Norfolk Police Federation welcomes debate on issue of tattoos for officers
- Credit: Archant © 2005
One in three young adults has a tattoo, and some have several, but with the trend expected to get bigger in the coming years, getting 'inked' is now an issue that is being debated by police forces.
The Metropolitan Police have banned officers from having tattoos visible on their hands and faces since 2012 insisting that the force expects its officers and staff to 'maintain a high standard of personal appearance and dress that ref lects the role being performed'.
But the Police Federation of England and Wales, which represents rank and file officers across the country, says officers should be allowed to have tattoos on their hands, necks and even faces – and is conducting research on the attitudes of the police service and public.
The federation, which hopes to have results to its survey by the end of the month, believes bans on tattoos might hamper the recruitment of promising candidates.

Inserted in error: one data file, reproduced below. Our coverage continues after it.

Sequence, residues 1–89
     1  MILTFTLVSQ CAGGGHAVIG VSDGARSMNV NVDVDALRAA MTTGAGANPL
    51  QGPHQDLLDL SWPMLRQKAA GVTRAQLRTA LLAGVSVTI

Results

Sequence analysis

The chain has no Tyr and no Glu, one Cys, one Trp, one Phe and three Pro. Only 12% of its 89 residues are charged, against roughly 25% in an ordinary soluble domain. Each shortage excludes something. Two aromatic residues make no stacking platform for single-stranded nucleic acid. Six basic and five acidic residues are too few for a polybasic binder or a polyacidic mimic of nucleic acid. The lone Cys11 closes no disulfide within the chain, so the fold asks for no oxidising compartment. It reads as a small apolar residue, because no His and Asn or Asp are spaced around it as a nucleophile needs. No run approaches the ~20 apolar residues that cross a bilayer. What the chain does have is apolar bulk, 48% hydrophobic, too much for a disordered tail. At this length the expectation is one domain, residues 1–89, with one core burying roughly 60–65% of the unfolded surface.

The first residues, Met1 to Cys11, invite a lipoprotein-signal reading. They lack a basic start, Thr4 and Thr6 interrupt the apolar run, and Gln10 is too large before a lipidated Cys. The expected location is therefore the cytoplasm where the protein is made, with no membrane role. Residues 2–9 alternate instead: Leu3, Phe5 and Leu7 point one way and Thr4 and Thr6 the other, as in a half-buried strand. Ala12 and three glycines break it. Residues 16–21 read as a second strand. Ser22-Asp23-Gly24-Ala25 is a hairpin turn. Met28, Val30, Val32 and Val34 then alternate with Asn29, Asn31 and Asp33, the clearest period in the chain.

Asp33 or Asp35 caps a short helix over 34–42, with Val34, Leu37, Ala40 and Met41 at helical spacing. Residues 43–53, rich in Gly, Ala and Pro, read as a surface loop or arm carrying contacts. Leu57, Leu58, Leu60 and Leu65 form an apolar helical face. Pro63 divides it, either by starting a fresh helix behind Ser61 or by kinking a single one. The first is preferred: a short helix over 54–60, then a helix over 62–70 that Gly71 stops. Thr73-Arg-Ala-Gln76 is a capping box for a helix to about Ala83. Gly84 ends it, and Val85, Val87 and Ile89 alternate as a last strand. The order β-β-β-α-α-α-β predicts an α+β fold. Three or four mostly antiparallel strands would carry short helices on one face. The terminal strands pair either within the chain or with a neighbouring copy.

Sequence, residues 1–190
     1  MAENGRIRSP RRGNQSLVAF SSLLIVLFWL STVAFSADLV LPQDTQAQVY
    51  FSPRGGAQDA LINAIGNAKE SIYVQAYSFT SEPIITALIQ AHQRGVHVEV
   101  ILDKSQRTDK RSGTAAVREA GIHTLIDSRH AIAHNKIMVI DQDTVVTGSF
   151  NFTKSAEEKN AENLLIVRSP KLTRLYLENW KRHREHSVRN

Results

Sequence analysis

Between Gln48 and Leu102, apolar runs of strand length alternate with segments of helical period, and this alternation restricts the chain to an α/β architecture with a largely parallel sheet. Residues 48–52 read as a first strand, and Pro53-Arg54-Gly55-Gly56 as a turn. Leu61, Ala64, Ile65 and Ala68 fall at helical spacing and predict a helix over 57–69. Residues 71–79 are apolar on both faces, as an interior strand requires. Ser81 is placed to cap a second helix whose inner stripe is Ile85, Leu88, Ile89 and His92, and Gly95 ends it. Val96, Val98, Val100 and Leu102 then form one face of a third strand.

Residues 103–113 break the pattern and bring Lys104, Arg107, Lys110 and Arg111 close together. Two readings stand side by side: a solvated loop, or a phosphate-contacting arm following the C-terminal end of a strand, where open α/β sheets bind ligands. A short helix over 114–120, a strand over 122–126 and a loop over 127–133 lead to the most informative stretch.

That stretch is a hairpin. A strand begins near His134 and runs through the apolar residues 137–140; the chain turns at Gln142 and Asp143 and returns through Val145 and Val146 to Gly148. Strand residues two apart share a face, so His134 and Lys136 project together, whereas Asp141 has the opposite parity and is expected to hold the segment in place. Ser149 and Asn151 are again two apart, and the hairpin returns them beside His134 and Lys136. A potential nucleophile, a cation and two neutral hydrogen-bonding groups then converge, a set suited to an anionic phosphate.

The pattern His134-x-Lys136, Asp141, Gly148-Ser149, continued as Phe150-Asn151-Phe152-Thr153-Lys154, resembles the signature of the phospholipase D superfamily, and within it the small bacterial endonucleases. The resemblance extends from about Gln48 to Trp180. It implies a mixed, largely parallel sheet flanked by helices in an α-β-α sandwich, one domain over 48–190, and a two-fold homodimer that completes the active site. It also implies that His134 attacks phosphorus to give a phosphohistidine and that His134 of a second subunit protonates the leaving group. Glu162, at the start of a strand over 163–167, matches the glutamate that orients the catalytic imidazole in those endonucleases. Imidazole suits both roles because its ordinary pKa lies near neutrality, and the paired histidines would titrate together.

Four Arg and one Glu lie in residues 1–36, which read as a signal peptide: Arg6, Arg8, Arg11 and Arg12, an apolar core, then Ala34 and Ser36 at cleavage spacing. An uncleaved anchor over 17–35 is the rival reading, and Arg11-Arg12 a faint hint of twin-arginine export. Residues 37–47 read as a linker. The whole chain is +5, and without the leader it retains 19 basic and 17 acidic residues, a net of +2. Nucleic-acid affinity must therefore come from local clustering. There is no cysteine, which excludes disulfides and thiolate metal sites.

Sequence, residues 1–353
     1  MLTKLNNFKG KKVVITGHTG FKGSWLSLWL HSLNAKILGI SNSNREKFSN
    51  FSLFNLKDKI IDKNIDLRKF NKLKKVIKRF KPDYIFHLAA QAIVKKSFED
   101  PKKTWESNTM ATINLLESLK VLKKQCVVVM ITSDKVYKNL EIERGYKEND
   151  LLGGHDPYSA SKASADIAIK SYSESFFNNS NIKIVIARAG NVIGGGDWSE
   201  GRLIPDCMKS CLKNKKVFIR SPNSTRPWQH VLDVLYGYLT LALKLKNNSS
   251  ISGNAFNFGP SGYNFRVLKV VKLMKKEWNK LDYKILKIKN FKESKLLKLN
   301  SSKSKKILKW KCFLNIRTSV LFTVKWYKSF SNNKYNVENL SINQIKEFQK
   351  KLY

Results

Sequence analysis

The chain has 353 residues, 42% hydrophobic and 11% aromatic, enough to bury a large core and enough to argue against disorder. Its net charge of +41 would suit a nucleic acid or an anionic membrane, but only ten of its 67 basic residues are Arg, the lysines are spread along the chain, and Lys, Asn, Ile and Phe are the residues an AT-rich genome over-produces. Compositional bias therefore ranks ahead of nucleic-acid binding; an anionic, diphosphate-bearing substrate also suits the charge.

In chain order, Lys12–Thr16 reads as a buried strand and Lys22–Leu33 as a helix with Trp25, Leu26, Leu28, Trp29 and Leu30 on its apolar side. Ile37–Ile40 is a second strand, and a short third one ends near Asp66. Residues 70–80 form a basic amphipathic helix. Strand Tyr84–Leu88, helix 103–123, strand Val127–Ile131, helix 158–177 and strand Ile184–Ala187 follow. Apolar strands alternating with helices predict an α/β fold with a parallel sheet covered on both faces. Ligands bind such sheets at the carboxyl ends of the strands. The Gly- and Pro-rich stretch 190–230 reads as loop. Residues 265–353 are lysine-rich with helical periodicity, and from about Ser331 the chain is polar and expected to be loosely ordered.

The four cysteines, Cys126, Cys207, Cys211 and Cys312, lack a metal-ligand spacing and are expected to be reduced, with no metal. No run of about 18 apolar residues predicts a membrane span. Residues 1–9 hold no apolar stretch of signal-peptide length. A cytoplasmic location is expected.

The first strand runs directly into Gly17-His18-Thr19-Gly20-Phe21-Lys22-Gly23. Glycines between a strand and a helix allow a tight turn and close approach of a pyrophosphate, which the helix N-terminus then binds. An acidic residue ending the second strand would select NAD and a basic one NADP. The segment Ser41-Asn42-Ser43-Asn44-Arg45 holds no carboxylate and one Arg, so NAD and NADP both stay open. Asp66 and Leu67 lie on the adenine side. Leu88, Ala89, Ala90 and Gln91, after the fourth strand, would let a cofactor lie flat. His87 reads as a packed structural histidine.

Michelle Lillie, branch secretary of the Norfolk Police Federation, welcomes research into the issue which she said needed debating.
She said: 'I think what the national federation are doing is quite interesting. Tattoos are more and more popular and we should reflect the society that we serve.
'It's interesting to have the debate and see what people think of them. From what they've had back so far it's quite polarising. People have really strong views one way or the other.'
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She said personally she did not think tattoos were a problem – and could actually help break to break down barriers in the community – as long as they were not offensive to the populations they were dealing with.
'We could lose some really good candidates for the police service just because they've had a tattoo when they were younger.
'As long as its not offensive we don't see it as a problem. It's about the skills of the skills of the individual rather than the artwork,'
Norfolk Constabulary's Uniform Standards Policy states: 'Where possible, tattoos should remain covered at all times whilst an individual is at work. Where the lower arms are tattooed, or of an offensive nature, a long sleeved wicking or other shirt will be provided.'
Chief Insp Vicki Martin, of the national federation, says there should be a 'sensible conversation' about tattoos as forces interpret the rules differently.
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